Funds must go to poorest, says UK
KATHMANDU: Nepal is an early test of the UK’s policy shift towards focusing more aid on post-conflict and fragile states, according to a report published by the International Development Select Committee of the UK government today.
“In the long run UK aid in Nepal will be judged by its success in helping to reduce poverty, averting the risk of reverting to conflict, and paving the way to sustained development. In the right political circumstances, the country has significant economic potential,” Member of British Parliament and Chairman of the Committee Malcolm Bruce said.
According to the report, Nepal is the poorest country in South East Asia and the fifteenth poorest country in the world. The UK is the largest bilateral donor in Nepal and will be providing £172 million over three years to 2012. The Report says that the Department for International Development (DFID/UK Aid) must ensure that its assistance is targeted towards the poorest people and those least capable of accessing services.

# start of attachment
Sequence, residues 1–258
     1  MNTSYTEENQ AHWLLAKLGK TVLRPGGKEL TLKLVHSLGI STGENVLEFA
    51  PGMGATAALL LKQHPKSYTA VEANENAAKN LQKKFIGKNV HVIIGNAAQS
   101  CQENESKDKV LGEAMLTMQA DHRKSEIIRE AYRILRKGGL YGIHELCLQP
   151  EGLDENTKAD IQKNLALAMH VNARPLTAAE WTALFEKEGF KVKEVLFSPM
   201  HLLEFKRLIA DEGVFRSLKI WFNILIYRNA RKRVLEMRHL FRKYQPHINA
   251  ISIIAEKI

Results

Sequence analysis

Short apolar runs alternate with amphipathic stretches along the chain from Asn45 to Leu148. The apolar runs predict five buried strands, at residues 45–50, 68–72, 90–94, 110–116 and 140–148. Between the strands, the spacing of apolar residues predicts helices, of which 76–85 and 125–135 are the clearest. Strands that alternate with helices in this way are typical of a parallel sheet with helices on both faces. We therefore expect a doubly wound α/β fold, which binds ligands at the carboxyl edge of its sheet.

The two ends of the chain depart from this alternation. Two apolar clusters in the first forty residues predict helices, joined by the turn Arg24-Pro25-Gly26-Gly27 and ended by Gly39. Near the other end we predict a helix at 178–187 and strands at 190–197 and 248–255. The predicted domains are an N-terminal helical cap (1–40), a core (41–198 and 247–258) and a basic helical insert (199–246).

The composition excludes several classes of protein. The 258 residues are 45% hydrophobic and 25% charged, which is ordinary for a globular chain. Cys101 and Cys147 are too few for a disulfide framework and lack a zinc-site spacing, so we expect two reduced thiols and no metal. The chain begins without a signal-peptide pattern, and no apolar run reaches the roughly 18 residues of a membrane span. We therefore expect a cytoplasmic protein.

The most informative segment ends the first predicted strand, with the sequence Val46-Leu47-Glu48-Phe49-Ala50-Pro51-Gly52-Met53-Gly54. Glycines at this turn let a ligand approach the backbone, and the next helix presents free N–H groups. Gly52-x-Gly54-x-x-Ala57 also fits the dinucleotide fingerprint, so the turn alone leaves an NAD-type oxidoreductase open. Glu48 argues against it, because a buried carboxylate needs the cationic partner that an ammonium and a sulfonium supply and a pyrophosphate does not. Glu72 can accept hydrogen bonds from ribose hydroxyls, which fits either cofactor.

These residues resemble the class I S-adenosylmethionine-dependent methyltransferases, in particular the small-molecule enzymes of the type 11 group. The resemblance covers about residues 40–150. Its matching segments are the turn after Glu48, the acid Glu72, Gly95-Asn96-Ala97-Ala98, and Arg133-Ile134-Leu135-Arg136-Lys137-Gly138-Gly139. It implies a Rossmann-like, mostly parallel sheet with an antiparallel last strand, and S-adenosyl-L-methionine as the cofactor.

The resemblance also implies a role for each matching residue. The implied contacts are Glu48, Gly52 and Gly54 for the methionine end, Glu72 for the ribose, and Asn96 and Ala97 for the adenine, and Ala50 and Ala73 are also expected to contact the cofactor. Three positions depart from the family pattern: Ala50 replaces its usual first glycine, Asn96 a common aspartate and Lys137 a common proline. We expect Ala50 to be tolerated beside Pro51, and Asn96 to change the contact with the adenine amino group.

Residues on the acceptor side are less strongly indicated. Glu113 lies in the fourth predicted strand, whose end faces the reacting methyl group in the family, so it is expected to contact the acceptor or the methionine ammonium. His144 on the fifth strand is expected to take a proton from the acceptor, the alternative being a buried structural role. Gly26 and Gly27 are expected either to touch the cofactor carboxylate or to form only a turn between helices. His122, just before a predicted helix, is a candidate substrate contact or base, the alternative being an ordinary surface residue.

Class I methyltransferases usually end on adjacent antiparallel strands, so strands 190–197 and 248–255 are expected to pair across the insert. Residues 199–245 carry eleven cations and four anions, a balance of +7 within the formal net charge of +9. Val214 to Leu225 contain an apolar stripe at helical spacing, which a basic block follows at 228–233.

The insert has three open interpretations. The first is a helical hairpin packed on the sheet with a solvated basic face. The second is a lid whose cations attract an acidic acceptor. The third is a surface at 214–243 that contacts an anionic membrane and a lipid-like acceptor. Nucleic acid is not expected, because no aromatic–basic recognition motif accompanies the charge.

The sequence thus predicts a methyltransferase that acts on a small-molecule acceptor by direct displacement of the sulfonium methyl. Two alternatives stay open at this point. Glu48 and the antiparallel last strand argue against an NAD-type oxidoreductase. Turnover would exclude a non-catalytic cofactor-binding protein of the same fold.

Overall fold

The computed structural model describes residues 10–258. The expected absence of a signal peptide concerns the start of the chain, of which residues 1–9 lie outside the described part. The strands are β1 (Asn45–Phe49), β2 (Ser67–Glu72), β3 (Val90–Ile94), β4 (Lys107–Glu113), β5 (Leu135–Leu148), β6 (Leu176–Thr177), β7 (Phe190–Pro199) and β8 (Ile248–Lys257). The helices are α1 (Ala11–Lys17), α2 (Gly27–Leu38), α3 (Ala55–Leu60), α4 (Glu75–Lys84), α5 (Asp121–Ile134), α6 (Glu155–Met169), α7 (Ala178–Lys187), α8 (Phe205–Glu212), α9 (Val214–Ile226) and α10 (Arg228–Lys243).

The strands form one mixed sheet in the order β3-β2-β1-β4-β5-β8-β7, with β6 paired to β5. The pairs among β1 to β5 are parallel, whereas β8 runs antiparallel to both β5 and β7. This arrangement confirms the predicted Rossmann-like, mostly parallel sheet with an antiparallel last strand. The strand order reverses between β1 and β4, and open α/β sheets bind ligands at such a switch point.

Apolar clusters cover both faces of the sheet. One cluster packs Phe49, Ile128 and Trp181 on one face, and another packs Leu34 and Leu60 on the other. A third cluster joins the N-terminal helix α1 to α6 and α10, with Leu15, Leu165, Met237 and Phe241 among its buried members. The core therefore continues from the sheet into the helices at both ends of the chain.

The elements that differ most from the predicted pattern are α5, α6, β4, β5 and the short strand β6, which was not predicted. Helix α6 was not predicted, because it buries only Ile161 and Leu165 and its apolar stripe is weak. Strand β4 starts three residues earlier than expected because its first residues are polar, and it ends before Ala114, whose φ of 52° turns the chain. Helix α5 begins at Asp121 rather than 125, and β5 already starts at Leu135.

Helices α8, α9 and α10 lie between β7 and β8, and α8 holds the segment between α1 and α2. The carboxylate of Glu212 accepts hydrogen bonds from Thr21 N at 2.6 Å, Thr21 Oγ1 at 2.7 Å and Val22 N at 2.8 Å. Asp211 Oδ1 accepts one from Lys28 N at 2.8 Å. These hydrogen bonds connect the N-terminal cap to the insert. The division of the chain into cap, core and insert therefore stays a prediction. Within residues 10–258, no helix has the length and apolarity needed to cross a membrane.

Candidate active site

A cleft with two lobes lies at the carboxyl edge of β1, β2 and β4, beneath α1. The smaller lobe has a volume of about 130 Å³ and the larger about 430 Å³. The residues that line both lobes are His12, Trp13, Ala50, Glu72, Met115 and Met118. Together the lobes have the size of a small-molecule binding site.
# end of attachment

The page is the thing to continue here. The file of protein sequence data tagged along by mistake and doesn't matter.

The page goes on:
“One in three people in Nepal lives in poverty. The 10-year conflict there was caused at least in part by poverty and exclusion, based on ethnicity, gender, caste and religion. These inequalities persist and those who are least vocal or least able to understand the system suffer the most. Failure to assist the millions of people living in the most dire conditions will result in the Millennium Development Goals being missed, both in Nepal and globally,” the Chairman said.
“DFID has implemented some very effective programmes, particularly to support livelihoods.”